Geoparsing the HESTIA text of Herodotus

I come to the GAP project from having worked on the Edinburgh Geoparser (see e.g. www.inf.ed.ac.uk/publications/online/1360.pdf), a tool that comprises of two main components: 1. The geotagger – which finds placename mentions in the text, and 2. The georesolver – which determines the geographical position of the places, where possible.

I’m responsible for processing the GAP texts with the Edinburgh Geoparser, starting with the HESTIA text of Herodotus. There are two initial tasks to confront:

First, I’m evaluating how well the geotagging is likely to work on GAP texts by using the HESTIA text of Herodotus as a test case: my assumption (which may be false!) is that the Herodotus text is reasonably representative of what we’ll be dealing with, in terms of places and peoples mentioned. It allows us to do a formal evaluation since it has been marked up in TEI and verified by hand. I’ve therefore written an evaluation routine that checks the recall, precision and F-score (the harmonic mean of P and R) of the geotagger’s output, compared with HESTIA’s Herodotus gold standard. (I strip the markup off the hdt_eng-p5-2.xml file, run it through the geotagger, then compare the output against the original.) So far the issues I’m hitting are that, whilst recall is good (81.47%), precision is poor (39.29%). From a brief study of the results, this seems to be largely due to the tagger misclassifying personal names as placenames: to counter the problem I plan to build a gazetteer list of personal names extracted from the Herodotus text, and amend the parser to use it. We’ll see whether that helps to achieve a more satisfactory precision rate..

Second, I’m in the process of loading the latest version of the “Pleiades+” placename gazetteer (provided by Leif – see previous blog) into a MySQL database and amending the Geoparser to query it for the georesolving step. The output here will be text (still using the HESTIA Herodotus) with place names that can be plotted on a map – only approximately, however, because we’re using Pleiades’ Barrington Atlas grid-square centres for all cases except where geonames gives a better fix.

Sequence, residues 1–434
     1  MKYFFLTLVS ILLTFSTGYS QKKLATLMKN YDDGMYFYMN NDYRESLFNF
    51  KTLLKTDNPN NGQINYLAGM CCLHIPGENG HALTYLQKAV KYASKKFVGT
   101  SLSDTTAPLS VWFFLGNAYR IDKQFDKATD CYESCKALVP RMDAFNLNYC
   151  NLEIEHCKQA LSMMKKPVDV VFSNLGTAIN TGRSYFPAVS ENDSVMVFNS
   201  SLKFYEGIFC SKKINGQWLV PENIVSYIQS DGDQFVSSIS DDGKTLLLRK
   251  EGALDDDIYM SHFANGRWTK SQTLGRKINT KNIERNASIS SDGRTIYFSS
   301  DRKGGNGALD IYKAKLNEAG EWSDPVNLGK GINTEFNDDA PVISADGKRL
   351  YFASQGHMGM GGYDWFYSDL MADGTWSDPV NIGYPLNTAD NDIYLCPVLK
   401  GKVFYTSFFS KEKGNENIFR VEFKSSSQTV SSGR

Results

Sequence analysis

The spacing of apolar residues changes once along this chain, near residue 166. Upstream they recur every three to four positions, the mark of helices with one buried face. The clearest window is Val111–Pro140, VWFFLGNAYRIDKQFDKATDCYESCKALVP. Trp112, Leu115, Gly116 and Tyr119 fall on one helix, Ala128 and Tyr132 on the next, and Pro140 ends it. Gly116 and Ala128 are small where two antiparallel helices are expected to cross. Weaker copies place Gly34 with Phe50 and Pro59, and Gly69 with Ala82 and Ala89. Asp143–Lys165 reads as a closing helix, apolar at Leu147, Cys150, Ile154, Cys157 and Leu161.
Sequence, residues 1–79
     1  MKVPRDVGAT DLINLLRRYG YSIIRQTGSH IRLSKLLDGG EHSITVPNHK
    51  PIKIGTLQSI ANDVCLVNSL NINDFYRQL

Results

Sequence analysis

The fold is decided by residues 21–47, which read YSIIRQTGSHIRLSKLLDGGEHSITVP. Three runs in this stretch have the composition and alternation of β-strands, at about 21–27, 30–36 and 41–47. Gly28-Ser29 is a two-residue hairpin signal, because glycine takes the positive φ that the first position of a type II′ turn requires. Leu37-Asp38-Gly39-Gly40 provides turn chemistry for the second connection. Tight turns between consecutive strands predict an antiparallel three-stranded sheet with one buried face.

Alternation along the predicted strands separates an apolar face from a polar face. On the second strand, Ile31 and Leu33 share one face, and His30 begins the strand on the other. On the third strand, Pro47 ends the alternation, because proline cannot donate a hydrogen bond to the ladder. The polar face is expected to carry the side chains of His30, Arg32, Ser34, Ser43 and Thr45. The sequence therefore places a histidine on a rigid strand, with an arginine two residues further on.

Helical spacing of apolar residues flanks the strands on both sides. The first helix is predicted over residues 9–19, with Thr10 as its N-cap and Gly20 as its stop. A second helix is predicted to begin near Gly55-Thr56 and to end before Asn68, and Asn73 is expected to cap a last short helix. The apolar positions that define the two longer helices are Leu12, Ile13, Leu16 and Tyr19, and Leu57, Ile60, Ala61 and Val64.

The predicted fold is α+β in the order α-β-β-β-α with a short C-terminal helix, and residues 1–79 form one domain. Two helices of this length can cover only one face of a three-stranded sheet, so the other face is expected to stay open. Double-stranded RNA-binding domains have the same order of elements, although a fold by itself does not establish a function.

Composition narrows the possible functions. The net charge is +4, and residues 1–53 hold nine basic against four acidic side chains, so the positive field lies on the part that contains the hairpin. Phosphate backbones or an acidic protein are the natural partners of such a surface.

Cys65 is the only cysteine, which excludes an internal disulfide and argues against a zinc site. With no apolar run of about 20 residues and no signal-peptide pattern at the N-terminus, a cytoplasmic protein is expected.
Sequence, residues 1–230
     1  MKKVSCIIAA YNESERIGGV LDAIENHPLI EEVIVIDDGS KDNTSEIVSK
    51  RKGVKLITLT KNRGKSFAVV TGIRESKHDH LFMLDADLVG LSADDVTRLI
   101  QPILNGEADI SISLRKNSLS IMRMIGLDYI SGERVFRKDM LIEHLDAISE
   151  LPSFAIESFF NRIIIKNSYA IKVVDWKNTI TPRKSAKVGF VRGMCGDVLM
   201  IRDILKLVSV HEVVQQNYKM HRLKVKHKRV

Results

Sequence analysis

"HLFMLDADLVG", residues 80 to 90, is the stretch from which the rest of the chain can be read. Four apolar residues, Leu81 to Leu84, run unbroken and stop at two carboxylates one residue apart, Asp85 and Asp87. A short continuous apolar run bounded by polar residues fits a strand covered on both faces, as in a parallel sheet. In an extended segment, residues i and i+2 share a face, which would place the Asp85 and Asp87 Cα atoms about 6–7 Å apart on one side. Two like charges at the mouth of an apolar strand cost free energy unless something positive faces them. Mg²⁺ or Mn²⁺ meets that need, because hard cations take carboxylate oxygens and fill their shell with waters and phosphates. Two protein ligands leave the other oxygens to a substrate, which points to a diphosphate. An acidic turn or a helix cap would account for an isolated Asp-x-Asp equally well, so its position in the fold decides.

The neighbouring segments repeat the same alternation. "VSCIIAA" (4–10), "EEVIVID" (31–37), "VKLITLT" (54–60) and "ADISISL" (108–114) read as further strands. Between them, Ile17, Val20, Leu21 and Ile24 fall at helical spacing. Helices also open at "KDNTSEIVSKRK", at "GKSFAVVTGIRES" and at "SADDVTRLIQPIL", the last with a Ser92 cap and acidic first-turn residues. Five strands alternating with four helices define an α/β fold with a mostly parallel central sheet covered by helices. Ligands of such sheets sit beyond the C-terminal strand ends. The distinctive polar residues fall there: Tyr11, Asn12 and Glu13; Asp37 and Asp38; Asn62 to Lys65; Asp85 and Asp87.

Next plans
i) Once I’m happy with the precision rate, I’ll try altering the Geoparser so that it can take advantage (in step b) for two distinct geographical gazetteers, in this case Pleiades+ and Geonames.
ii) Move on to other texts!

PS. I’ve highlighted the two-phase nature of the Geoparser as I want to make it clear that the system will only determine the spatial position of places it identifies in step 1, where it doesn’t have access to the gazetteer. This may be a bit of an issue for GAP texts, where we expect to have a high proportion of ancient place names and personal names, which the geotagging component may struggle to recognise. I’ll think about whether there’s anything I can do, other than what I’ve already suggested for the geotagging evaluation.

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About katefbyrne

Researcher in the Language Technology Group at Edinburgh University.
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One Response to Geoparsing the HESTIA text of Herodotus

  1. Pingback: Finishing off the geoparsing end of GAP | Google Ancient Places

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